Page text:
‘Orange Is the New
Black’ is Netflix’s
only great drama
The fourth season of the Netflix original series Orange Is the New Black starts streaming this weekend, and if you haven’t watched your first episode yet, now’s the time to catch up. The show is widely regarded as the best on the streaming service, or at least the best drama in the library. Alison Herman from The Ringer discusses that latter point and why Netflix’s other dramas just don’t stack up.
Snapchat launches a colossal expansion of its advertising, ushering in a new era for the app
Snapchat announced big changes to its app this week, specifically with regards to advertising.
The technology behind ESPN’S digital transformation
ESPN has been undergoing a massive overhaul for a while now, and this is the tech that runs it.
Apple’s brain trust — Iovine, Reznor, Cue and Kondrk — on streaming’s new world order and why ‘we all should be’ worried
The rumored Apple Music redesign was revealed at WWDC this week, but the folks behind the service had some things to say about music streaming as a whole.
Replay Revolution: How to remove human error from officiating
There have been a number of blown calls in this year’s NBA playoffs. NFL officials make their fair share of mistakes as well. However, 360-degree replay angles could help, and the tech might not be that far off.
Scoot’s red scooters, frequently seen weaving in and out of San Francisco traffic like tiny army ants, are getting an upgrade. Not only are the rental scooters getting bigger, but they thankfully will look a lot better than the current crop of bikes that the company offers.
Scoot announced today that it’s teaming up with Mahindra to bring the GenZe 2.0 electric scooter to the streets of San Francisco. The larger bike will become the default model in the fleet alongside the current “Cargo” bikes, which will remain in use. “For us, they [the Classic bikes] have been working very well for a long time,” Scoot’s vice president of fleet Mike Waltman told Engadget. “Our members love them. We don’t need to get rid of them.”
Going forward, they’ll just be referred to as “Classic” in the lineup. Like Coke Classic, but not a cheap ploy to get you to buy more sugary brown water. And in this case, you’ll probably actually enjoy the replacement.
The new scooters are part of the company’s continued expansion. Waltman said that Scoot would be adding 100 new GenZe bikes to its fleet every month. Its goal right now is to fill the demand of the areas in the city it’s already currently serving.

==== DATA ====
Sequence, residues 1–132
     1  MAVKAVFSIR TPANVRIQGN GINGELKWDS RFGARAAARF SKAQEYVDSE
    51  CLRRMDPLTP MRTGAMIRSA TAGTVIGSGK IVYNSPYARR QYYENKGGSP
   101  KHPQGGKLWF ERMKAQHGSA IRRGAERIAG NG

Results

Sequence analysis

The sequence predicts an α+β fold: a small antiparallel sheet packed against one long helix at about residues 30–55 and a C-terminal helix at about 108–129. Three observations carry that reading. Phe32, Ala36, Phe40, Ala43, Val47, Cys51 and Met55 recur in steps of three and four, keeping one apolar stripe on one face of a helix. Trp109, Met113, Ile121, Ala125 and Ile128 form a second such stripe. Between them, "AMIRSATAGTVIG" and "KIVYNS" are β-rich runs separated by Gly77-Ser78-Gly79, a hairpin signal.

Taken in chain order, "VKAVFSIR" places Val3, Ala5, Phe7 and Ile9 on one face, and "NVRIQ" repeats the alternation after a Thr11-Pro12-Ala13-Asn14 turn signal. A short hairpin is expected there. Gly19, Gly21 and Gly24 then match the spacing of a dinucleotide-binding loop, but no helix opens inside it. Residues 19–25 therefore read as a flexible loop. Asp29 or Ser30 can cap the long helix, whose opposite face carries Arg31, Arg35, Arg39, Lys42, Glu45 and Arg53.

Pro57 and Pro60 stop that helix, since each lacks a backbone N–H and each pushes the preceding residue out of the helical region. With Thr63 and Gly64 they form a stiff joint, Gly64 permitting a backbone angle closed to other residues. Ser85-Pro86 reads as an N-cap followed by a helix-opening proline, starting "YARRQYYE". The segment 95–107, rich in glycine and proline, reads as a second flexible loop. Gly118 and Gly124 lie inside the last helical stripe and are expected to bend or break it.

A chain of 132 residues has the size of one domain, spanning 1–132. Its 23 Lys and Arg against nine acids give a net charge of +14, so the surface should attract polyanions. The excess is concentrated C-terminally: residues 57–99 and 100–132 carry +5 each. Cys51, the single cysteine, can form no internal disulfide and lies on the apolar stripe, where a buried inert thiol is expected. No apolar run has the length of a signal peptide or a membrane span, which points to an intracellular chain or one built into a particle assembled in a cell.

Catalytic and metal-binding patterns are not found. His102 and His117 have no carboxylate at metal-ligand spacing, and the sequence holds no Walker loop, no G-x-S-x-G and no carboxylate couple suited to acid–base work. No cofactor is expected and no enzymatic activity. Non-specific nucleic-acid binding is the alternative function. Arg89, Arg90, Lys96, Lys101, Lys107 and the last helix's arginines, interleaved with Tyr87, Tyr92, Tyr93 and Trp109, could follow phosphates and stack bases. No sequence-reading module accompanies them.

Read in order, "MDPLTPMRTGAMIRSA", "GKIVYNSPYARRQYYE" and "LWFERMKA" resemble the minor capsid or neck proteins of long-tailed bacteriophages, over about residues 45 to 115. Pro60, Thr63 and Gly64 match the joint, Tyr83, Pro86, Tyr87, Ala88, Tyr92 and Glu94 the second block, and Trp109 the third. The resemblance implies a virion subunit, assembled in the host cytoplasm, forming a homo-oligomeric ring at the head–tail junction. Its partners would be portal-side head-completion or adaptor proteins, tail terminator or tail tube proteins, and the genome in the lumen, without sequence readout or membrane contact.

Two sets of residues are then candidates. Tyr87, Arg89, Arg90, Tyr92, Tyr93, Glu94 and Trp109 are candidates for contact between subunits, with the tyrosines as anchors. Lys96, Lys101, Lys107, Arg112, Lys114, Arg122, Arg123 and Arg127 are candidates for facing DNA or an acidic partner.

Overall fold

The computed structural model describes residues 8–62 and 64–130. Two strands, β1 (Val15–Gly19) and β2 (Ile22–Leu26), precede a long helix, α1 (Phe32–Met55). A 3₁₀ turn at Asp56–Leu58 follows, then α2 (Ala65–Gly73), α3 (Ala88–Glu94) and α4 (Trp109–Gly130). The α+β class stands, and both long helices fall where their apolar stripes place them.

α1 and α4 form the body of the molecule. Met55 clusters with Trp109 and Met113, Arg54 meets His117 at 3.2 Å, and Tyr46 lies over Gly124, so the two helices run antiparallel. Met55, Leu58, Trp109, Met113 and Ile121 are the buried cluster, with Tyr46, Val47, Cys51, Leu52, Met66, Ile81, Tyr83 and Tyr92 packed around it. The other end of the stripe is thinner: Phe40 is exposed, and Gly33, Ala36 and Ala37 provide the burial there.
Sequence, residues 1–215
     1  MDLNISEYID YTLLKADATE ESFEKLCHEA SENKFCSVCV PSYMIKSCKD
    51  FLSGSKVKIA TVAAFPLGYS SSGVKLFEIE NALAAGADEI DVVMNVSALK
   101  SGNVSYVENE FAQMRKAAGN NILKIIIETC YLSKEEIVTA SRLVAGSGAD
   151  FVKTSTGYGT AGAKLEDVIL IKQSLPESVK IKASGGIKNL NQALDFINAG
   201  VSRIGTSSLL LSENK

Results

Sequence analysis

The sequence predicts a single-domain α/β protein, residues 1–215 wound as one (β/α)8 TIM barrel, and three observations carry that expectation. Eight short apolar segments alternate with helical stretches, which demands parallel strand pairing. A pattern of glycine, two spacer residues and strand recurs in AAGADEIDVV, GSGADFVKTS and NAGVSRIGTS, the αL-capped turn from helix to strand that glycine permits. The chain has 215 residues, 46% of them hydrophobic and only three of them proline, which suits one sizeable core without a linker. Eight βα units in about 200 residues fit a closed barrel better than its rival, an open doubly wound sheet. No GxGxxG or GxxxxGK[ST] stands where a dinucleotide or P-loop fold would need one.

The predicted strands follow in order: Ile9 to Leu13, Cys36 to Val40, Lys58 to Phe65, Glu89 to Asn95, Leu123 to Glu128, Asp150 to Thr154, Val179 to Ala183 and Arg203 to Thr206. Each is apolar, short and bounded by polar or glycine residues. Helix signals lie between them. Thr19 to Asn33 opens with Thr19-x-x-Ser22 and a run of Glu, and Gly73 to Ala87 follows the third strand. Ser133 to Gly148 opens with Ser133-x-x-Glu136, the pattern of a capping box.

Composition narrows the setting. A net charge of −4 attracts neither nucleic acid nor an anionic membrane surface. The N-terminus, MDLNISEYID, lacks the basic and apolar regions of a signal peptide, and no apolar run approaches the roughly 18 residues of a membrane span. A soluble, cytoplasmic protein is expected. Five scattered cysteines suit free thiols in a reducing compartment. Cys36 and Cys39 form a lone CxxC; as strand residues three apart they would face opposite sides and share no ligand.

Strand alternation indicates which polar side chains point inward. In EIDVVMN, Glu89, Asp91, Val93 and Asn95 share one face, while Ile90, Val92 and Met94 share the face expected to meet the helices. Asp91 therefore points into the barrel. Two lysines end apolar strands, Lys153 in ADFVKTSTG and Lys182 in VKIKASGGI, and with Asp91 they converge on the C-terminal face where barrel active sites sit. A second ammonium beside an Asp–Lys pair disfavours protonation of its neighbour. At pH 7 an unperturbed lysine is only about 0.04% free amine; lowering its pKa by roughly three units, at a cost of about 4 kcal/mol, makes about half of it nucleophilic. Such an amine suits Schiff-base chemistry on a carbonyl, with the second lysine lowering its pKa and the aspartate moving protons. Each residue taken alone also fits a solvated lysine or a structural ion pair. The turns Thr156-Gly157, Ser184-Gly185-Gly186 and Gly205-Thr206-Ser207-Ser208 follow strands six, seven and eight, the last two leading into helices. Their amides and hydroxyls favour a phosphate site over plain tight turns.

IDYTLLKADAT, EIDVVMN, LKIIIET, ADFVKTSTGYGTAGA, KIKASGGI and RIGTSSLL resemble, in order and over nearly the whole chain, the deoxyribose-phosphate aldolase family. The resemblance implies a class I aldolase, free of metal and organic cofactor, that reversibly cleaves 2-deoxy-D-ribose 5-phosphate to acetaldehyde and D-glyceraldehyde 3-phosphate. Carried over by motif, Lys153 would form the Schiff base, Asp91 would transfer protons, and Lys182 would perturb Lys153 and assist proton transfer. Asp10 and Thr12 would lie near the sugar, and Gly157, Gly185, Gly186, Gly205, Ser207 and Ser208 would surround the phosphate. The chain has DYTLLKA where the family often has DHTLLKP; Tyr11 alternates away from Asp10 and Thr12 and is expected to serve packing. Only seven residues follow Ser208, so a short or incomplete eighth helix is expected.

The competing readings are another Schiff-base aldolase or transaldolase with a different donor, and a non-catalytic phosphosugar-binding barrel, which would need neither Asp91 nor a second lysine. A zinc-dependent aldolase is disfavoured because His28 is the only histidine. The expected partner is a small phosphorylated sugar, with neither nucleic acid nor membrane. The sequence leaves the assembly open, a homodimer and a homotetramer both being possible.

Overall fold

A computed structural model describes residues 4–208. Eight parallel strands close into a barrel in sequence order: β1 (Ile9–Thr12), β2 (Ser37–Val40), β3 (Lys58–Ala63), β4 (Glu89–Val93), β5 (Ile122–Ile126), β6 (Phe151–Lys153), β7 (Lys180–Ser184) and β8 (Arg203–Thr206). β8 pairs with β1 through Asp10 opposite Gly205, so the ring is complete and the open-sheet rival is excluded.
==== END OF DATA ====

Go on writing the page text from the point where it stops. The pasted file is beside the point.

Waltman notes that Mahindra’s Ann Arbor, Michigan factory and willingness to work with Scoot to modify the bikes at the factory to Scoot’s specifications was key in the company’s decision to switch from Chinese scooter makers it had been using. “They show up. We screw on the mirrors and we test ride them,” he said.
Those changes are more than just a coat of red paint. The Scoot version of the GenZe has been modified since Engadget took a test ride earlier this year at CES. The handlebars have been lowered. The underseat storage isn’t accessible to riders (it houses electronics) and the touchscreen display has been replaced with a smartphone dock. The new bikes are also keyless — a first for Scoot. Moreover, the bikes are turned on and off via the app. And to keep them from being whisked away by thieves, the bikes have an innovative locking stand.
I took one of the Genze bikes for a quick jaunt around San Francisco, and I noticed right away that it has a more comfortable ride and higher sitting position than the old “Classic” scooters. The latter is helpful to see over vehicles in traffic. The “pickup bed” of the stock Mahindra has also been replaced with a top case that in addition to storing helmets, doubles as storage. As it happens, the bin has also been shaped to caress your spine when you lean back.
The new scooter is being adding to the fleet today. On Monday it’ll be part of the morning and evening commute and even more red blurs will zip by cars stuck in San Francisco traffic. But at least once they come to a stop, they’ll actually look nice.